Histopathology is usually not diagnostic [5]. Early lesions have moderate chronic inflammatory cells. This finding is not seen in the late period. Pigment enhancement can be seen in the basal layer [5]. Skin attachments are usually protected.
Based on clinical and histopathological findings in the present case, it is thought to be compatible with Atrofodermia Pasini and Pierini. The initial complaints of our case are inflammatory features such as papules which are not compatible with the classical Atrophoderma clinic. For this reason, inflammatory lesions such as dermatitis cruris pustulosa et artophicans and keratosis folicularis decalvans, and other atrophic diseases are considered to be distinctive. However, the lesions in dermatitis cruris pustulosa are usually found in the form of pustules and in the lower extremity region, in the keratosis folicularis decalvans, as clinical findings that start with more erythematous papules and result in hairy deep cicatricial alopecia [11,12]. The other two diseases were excluded with clinical and histopathological findings.
In the differential diagnosis, two Moulin's atrophodema (LAM) cases were encountered, starting with inflammatory papules defined by Browne and Fisher [10]. The authors suggested that this disease has inflammatory and non-inflammatory variants. Pasini and Pierini stated that there may be variants of the same disease due to the clinical and histopathological similarity of LAM with atrophoderma. In another case report of Moulin’s lineer atrophy, pigmentation and atrophy with 20 mg / week methotrexate were reported to decrease successfully for 6 months. Because of the efficacy of methotrexate, LAM, APP, and linear scleroderma are thought to be other variants of the same disease. There are hyperpigmented atrophic plaques in the LAM, just as in APP, which are usually located on the trunk and extremities. But  these plaques are parallel to the Blaschko lines in LAM. The age of onset is between 5 and 20[9]. As in the case of LAM, which started in the literature as inflammatory papules, but developed by atrophic plaques following Blaschko lines, we think of LAM in our patient which first started with inflammation. However, we did not consider this diagnosis because the age of onset was advanced with respect to LAM and the location of the lesions did not match the Blaschko lines. We also think that it is a different type of APP which initiated with inflammatory lesions and it is transitional forms of LAM and APP.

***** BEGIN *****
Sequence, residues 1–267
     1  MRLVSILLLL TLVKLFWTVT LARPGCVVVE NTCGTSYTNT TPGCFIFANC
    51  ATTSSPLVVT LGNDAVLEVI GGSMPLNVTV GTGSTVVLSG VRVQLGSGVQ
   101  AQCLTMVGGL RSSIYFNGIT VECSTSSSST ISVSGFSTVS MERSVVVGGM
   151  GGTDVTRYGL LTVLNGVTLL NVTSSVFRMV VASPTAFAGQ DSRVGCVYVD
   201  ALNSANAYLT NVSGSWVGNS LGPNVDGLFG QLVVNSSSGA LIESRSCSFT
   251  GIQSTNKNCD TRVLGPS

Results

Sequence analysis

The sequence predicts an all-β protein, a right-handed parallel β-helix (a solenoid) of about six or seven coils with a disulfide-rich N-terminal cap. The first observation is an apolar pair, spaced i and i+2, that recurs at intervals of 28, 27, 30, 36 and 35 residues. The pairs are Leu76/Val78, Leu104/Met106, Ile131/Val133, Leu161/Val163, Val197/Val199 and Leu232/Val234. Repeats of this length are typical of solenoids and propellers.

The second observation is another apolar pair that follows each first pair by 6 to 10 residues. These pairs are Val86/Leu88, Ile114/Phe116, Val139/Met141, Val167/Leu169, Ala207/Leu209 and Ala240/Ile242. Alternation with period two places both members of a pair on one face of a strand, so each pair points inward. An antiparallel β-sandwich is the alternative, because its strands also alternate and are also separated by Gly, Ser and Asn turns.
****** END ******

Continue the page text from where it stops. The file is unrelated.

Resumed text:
CONCLUSION

When we review the literature, there are no cases of Atrophoderma of Pasini and Pierini starting with papules and nodules, as in our case, although there are case reports of zosteriform,  linear and morpha-related or paraneoplastic Atrophoderma. 

 

REFERENCES

1. Arif T, Adil M, Amin SS, Ahmed M.  Atrophoderma of Pasini and Pierini in a blaschkoid pattern. J Dtsch Dermatol Ges. 2017;15:663-4. 
2. Zhang RZ, Zhu WY. Two uncommon cases of idiopathic atrophoderma of pasini and pierini:multiple and giant. Indian J Dermatol Venereol Leprol. 2011;77:402
3. Tukenmez Demirci G, Altunay IK, Mertoglu E, Kucukunal A, Sak?z D. Linear atrophoderma Of Moulin on the neck. J Dermatol Case Rep. 2011;5:47-9. 
4. Avancini J, Valente NY, Romiti R. Generalized lenticuler atrophoderma of  Pasini and Pierini. Pediatr Dermatol. 2015;32:389-91.
5. Garg A, Kumar P. Atrophoderma of Pasini and Pierini. Indian Dermatol Online J.  2011;2:126-8.
6. Ravic-Nicolic A, Djurdjevic P, Mitrovic S, Milicic V, Petrovic D. Atrophoderma of Pasini and Pierini associated with extramedullary plasmacytoma. Clin Exp Dermatol.  2016;41:837-9
7. Yan W, Wang S, Liu HJ, Wang L, Li W, Ran YP, Zhang M. Linear atrophoderma of Moulin:a disease related to immunity or a kind of connective tissue disease? Australas J Dermatol. 2016 Jun 10.
8. Buechner SA, Rufli T. Atrophoderma of Pasini and Pierini.Clinical and histopathologic findings and antibodies to Borrelia burgdorferi in thirty-four patients. J Am Acad Dermatol. 1994;30:441-6.
9. Tan SK, Tay YK. Linear atrophoderma of Moulin. JAAD Case Rep. 2016;2:10-2.
10. Zahedi Niaki O, Sissons W, Nguyen VH, Zargham R, Jafarian F. Linear atrophoderma of  Moulin:underrecognized entity. Pediatr Rheumatol Online J. 2015;13:39.
11. Bens G, Franck F, Diatto G, Preney L, Darie H, Geniaux M. Dermatitis cruris pustulosa et atrophicans a frequent but poorly understood tropical skin condition- case report from Burkina Faso. Int J Dermatol. 2008;47:473-5.
12. Verma R, Bhatnagar A, Vasudevan B, Kumar S. Keratosis follicularis spinulosa decalvans. Indian J Dermatol Venereol Leprol. 2016;82:214-6. 

Notes

Source of Support: Nil,

Conflict of Interest: None declared.